Health chiefs' decision to throw out all other options branded 'insulting'
The GP-led body that oversees NHS care and facilities in Liverpool was accused today of operating like a privately owned multinational over its plans to close the Liverpool Women’s Hospital and build a new unit close to the Royal.
Save The Women’s Hospital campaigners say the Liverpool Clinical Commission Group has disregarded the wishes and opinions of Merseyside women and their families in its so-called consultation over the future of the hospital in Crown Street, L8.
Earlier this year, the CCG published four possible options for the future of the hospital, which oversees neonatal, maternity anÅ women’s services in the city. It pledged that all four would be open to public consultation.
- To make major improvements to Liverpool Women’s Hospital on the current Crown Street site;
- To make smaller improvements to the current Crown Street site;
- To relocate to a new hospital building on the same site as Alder Hey Children’s Hospital;
- To relocate to a new hospital building on the same site as the new Royal Liverpool Hospital.
Subsequently, the CCG commissioned a review from the Northern England Clinical Senate, an independent panel of midwives and doctors from outside the North West, to study the plans. Last month a Senate report came out in favour of the last option - moving to the Royal - which has long been the CCG's preferred route. As a result, the other three are no longer up for public discussion.
However, campaigner Lesley Mahmood described the action as insulting.
She said: “The NHS was founded and has been funded over decades by the people, who should have a say in services. This hospital is for Liverpool and for women. So let us have our say.
“The way in which the CCG have taken away the opportunity for the public to comment on three of the four options set out in the Pre-consultation Outline Business Case, was insulting.
“Last March the CCG stated in response to a question at their meeting that all four options would be included when plans for the future of the Women’s went out for public consultation. However last week it was revealed the CCG had decided to remove three options as being non-viable, leaving their preferred option of moving to the Royal site."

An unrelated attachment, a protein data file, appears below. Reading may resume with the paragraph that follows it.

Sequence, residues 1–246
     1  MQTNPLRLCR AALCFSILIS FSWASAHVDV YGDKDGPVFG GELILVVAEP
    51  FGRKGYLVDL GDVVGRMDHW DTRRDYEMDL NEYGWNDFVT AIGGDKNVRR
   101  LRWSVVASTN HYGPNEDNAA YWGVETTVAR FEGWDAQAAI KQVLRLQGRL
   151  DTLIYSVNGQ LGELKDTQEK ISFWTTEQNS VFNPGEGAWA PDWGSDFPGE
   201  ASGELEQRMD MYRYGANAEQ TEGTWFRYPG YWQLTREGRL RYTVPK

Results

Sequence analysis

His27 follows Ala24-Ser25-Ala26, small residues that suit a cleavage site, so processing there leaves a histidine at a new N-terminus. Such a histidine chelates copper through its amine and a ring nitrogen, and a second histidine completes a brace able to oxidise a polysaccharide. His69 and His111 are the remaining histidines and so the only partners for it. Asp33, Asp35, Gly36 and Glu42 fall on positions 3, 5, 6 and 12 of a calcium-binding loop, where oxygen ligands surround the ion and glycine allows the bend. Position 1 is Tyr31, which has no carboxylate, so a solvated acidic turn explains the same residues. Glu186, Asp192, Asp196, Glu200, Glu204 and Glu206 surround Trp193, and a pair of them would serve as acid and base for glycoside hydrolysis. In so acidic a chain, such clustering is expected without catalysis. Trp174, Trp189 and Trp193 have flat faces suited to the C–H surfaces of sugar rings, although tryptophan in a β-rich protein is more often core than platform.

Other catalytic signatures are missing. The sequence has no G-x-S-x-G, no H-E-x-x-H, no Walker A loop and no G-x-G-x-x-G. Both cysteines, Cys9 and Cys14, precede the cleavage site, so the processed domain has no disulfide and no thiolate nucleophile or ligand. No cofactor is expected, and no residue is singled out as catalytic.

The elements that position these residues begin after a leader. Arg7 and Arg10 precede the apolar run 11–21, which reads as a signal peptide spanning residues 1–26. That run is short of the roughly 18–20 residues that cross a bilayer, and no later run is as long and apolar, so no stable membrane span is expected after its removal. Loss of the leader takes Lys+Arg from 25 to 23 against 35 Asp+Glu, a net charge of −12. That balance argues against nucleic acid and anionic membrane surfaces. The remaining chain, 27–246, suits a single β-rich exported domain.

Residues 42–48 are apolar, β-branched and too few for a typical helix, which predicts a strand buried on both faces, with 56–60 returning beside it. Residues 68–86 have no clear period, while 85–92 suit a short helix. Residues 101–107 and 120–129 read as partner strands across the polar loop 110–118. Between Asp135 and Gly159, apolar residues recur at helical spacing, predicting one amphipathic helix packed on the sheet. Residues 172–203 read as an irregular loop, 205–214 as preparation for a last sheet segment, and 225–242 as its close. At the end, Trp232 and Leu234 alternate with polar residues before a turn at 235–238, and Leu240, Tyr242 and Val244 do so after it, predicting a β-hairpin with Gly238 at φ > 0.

She added: “This is not a consultation. It is not what should be expected in a democracy. We are calling on the CCG to reverse this decision when it meets on Tuesday, 10 October. Individuals and community groups will be demanding they be given the opportunity to consider all four options."
A Save The Women’s Hospital group on Facebook has 27,000 followers while an online petition to keep the existing facility has attracted 41,000 signatures.
The hospital, which brought new life, in every sense, to a rundown part of Toxteth, was opened in November, 1995, by the late Princess Diana, and around 150,000 babies have been born there. It cost £30m to build and brought together three older hospitals, the Women’s in Catharine Street, Mill Road Maternity and Oxford Street Maternity, birthplace of the famous Walton Sextuplets. Around 50,000 patients are treated there every year.
But health chiefs say the current hospital is unable to offer specialist treatment needed every year by mothers and babies who develop complications. Around 800 patients a year have to be taken by ambulance to the Royal or to Alder Hey.